Biodiversity Credits: A Guide to Support Early Use with High Integrity

The World Economic Forum and McKinsey have published this comprehensive outline of how companies can engage in the emerging voluntary biodiversity credits industry with integrity.


Another piece in Nature Finance industry puzzle is falling into place, in the form of Biodiversity Credits. It’s still early days but to support this evolution, the World Economic Forum and McKinsey have published two reports on the topic. With the potential for global demand of voluntary biodiversity credits reaching $2 billion in 2030 and $69 billion by 2050, the first report – Biodiversity Credits: Demand Analysis and Market Outlook – explores the drivers, and maps out an overview of the market. Meanwhile, the second report – Biodiversity Credits: A Guide to Support Early Use with High Integrity – which our Founder, Paul Chatterton, contributed to, is a practical guide for companies who are interested in incorporating biodiversity credits into their strategy with high integrity, whilst standards and advice are established.


Key messages


Arguably, the biodiversity crisis is larger and more advanced than the climate crisis – and much harder to see. The finance world is creating the conditions for a nature repair industry. Bankers don’t understand nature and conservationist don’t understand finance – but working together they are building this new world of nature positive investment. Here are a few observations:


  1. Nature is now part of doing business: The new global accounting rules under the IFRS now demand companies to report on nature impact. This is a big change and barely understood, but it’s already flowing down.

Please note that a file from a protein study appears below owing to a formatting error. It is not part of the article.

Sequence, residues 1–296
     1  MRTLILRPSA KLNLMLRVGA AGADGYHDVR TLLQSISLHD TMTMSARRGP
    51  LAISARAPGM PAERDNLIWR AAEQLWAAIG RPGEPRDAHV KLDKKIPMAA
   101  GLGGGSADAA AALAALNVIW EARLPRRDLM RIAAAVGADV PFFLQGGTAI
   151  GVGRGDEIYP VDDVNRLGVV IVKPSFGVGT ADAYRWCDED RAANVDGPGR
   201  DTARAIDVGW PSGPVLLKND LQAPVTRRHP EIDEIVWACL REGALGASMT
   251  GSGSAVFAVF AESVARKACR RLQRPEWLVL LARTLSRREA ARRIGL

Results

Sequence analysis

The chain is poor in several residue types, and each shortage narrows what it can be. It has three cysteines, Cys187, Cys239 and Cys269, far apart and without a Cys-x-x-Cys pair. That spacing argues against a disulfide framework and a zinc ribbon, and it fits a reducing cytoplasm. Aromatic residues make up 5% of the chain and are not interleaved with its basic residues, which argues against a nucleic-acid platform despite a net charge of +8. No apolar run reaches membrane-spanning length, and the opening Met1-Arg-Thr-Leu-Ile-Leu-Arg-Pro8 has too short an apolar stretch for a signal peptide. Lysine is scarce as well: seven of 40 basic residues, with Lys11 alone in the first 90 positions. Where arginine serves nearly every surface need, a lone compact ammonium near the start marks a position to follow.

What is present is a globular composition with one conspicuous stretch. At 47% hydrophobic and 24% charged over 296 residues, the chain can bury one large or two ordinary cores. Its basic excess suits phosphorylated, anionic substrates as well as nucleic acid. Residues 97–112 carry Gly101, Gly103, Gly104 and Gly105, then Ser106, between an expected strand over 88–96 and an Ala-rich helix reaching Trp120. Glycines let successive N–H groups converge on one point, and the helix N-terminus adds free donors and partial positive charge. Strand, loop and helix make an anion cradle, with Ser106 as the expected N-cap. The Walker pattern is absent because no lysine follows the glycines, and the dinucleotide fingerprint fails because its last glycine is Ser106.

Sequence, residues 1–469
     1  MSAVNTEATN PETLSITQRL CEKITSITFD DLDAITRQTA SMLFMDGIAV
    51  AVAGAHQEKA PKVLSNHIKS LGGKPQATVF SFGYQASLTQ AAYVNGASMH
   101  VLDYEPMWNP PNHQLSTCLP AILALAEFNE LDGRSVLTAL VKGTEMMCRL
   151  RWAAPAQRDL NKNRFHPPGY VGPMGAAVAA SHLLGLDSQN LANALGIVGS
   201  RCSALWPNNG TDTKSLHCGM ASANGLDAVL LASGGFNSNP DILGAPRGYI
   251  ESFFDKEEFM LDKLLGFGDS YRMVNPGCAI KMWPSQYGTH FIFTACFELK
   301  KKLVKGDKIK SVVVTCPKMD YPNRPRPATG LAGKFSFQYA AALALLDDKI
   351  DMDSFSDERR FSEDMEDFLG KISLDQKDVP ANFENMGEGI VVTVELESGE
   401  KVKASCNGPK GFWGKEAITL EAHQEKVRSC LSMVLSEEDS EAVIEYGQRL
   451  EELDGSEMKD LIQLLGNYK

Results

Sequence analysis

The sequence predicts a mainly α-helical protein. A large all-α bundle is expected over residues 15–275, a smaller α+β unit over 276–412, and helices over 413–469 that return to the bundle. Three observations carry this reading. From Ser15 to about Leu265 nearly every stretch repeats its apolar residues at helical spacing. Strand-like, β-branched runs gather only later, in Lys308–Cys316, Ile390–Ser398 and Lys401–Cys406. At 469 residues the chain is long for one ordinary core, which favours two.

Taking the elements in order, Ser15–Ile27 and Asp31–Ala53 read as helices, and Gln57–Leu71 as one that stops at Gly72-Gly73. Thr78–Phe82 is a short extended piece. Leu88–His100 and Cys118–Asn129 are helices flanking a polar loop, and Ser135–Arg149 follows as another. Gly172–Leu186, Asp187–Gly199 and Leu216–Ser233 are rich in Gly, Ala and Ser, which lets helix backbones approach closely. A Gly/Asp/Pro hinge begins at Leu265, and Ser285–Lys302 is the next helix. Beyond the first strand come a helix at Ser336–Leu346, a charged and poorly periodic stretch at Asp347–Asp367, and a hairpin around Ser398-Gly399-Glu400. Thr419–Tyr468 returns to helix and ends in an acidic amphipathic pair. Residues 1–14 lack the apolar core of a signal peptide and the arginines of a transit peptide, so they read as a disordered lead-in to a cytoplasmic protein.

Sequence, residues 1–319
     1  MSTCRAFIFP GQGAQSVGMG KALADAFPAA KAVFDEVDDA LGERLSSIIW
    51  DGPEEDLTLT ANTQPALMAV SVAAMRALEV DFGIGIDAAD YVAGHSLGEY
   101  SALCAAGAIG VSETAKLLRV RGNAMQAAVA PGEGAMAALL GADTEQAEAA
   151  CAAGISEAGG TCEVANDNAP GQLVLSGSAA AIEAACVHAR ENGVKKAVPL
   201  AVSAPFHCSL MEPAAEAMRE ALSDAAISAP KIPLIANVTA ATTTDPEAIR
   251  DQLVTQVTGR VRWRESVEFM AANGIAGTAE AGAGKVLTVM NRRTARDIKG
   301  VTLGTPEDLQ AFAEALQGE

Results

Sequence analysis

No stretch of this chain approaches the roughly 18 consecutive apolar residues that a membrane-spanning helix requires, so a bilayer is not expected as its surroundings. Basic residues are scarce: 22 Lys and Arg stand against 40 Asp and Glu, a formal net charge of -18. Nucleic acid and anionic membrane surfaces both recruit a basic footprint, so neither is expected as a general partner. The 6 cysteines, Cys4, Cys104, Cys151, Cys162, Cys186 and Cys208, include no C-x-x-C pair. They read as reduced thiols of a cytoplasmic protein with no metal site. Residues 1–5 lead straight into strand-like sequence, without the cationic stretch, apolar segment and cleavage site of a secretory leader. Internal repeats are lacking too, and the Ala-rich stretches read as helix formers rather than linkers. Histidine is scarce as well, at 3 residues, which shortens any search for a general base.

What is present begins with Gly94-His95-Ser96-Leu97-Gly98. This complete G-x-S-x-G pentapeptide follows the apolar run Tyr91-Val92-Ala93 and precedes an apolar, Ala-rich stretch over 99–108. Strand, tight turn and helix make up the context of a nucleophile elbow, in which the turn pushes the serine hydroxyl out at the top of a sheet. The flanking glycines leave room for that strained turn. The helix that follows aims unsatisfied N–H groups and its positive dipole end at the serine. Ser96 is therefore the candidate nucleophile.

2. Smart companies are working out how to remove nature risk: The Taskforce on Nature-related Financial Disclosures (TNFD) has been drawing the big crowds at the global finance and business conferences I’ve attended in recent months. TNFD provides simple guidance for companies to report on nature impact and determine how to move towards nature positive. If your COO is not already looking at nature risk, they’re not doing their job.
  3. Contributing to restoring nature can be an income stream: Companies who are actively shifting their supply chain to positively restore nature can obtain credits for biodiversity contributions and make this an additional income stream.
  4. Credits help bridge the gap where nature risks can’t be fully removed: If your assessment of nature risk shows that you will still have residual impact then biodiversity credits offer a way to fill the gap.
  5. Forget offsets: Offsets don’t make sense with biodiversity. You can’t restore nature by destroying it. And while some offset markets still continue in England and New South Wales, evaluations are suggesting they’re not so successful. Both the Science Based Targets initiative and TNFD now challenge offsets. All future nature investments have to add to nature.
  6. The most credible nature credits will be at landscape scale: Nature operates in scales of millions of hectares. We have to think about water flows, migration corridors, and pollination systems. Only landscape-level action allows for this. So look for biodiversity credits that contribute to landscape efforts. And they come with the added advantage of ensuring greater social license and shared value.

Publisher: World Economic Forum

Language: English

Year: 2023

Ecosystem(s): Forests

Location(s): Global

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